Most Western industrialized nations have given up on their nuclear fuel recycling programs as they have proven economically unviable. But the Abe administration has not ditched the plan to start operating the plant to extract plutonium from spent nuclear fuel for recycling that is being constructed in Rokkasho, Aomori Prefecture, at an estimated cost of 2.9 trillion yen ($26.02 billion).

Shinichiro Tanaka, a specially appointed visiting associate professor at the Chiba University of Commerce, has scrutinized the government’s draft budget for the new fiscal year and found that nuclear power-related expenditures account for 40 percent of the planned total energy policy spending by all ministries and agencies.

This clearly indicates what a large portion of government fiscal resources is being poured into nuclear power.


In January, the Renewable Energy Institute released a report saying nuclear power generation is losing its competitiveness globally.

While the costs of nuclear energy have risen due to enhanced safety requirements following the Fukushima accident, the report says, those of renewable energy sources such as solar and wind power have fallen, thanks to technological innovations.

Some countries, including Germany and South Korea, have decided to phase out nuclear power generation. In other major countries, including the United States and Britain, the share of nuclear power in the overall power supply has dropped because of the rise of renewable energy.

Even France, a leading nuclear power producer, plans to significantly lower its dependence on atomic energy. In China and India, where the government has been eager to promote nuclear power, renewable energy production is growing faster than nuclear power generation.

Nuclear power once accounted for 17 percent of the world’s total electricity production, but it is now responsible for only around 10 percent of the global power output. In sharp contrast, the share of renewable energy has risen to nearly a quarter of the total. The International Energy Agency predicts that renewable energy will contribute 40 percent of the world’s energy supply in 2040.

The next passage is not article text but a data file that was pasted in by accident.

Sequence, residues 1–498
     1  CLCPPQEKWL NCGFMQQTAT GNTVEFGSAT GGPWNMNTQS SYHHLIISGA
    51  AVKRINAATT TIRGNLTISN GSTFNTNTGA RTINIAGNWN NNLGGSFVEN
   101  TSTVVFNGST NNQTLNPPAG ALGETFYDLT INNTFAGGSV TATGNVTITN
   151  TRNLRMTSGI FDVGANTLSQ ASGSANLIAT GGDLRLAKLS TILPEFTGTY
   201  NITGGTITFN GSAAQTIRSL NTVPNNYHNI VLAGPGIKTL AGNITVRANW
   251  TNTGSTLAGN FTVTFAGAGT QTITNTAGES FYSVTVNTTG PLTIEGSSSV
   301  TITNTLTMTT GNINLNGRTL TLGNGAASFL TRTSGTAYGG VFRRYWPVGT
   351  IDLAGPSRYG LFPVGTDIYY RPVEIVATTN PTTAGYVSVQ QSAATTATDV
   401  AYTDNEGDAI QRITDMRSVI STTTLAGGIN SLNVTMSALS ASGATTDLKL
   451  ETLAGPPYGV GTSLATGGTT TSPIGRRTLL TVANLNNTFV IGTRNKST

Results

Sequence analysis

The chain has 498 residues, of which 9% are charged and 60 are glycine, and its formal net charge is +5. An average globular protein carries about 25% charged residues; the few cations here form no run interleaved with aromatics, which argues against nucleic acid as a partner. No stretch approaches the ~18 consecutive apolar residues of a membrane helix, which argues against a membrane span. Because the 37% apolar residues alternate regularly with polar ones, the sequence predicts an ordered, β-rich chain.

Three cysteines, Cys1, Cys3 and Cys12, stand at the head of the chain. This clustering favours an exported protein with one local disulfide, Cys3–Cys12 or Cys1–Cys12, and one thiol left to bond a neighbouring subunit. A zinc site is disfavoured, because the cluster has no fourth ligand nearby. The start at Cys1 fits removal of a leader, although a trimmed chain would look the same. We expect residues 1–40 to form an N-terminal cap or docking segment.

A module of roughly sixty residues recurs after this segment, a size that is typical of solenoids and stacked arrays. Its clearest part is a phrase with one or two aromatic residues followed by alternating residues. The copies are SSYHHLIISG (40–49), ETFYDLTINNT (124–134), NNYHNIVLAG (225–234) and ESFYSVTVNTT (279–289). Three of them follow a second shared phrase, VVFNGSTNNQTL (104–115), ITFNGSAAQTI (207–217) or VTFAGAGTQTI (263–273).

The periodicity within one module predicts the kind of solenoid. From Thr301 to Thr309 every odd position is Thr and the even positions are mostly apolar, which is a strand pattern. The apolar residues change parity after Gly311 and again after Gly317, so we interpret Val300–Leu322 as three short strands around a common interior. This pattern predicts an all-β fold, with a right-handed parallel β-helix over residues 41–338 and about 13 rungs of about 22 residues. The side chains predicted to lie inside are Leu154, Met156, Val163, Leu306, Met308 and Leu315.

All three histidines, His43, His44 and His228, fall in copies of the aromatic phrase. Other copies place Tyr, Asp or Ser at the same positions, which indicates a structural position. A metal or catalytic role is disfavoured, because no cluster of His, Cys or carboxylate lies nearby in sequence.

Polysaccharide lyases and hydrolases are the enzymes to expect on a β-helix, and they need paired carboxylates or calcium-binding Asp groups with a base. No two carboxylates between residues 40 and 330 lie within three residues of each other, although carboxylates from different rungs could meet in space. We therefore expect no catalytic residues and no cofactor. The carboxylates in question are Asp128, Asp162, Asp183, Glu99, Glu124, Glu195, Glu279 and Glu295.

A big global energy shift from nuclear power to renewable energy is taking place.


The Abe administration’s efforts to promote exports of nuclear power technology, a key component of its growth strategy, have run into the sands in Britain and Turkey.

It is a big irony that a nation that has suffered a catastrophic nuclear accident is making frustrating efforts to sell its nuclear technology to other countries while repercussions from the accident are driving the world toward a new energy future.

This nation’s government still continues devoting huge amounts of resources to maintaining nuclear power generation, which is clearly in decline worldwide, while putting renewable energy, which will assume growing importance in the coming years, on the back burner. Sticking to this policy would cause Japan to be left out of the emerging mega-energy trend.

It is by no means easy to pull the plug on all nuclear plants in Japan. That makes it all the more important for the government to adopt this policy goal and start taking steps to decommission reactors as soon as possible while making greater efforts to expand the use of renewable power.

This is also vital for Japan’s efforts to help stem global warming.

The sooner the policy shift is made the better. Ending nuclear power generation would also stop the growth in the amount of spent nuclear fuel.

Scrapping the nuclear fuel recycling program would save the government the enormous amount of additional funds needed to operate and upgrade the Rokkasho reprocessing plant.

Pursuing a goal of zero nuclear power is not an irresponsible policy. The Abe administration has taken an irresponsible stance toward the issue by allowing the opposition-drafted bill to phase out nuclear power generation to gather dust on the Diet shelf for as long as one year and permitting off-line reactors to be restarted one by one without serious debate on the steps.

It is the responsibility of political leaders to make the decision to phase out nuclear power generation and lay out a clear vision for the nuclear-free energy future of this nation.

--The Asahi Shimbun, March 12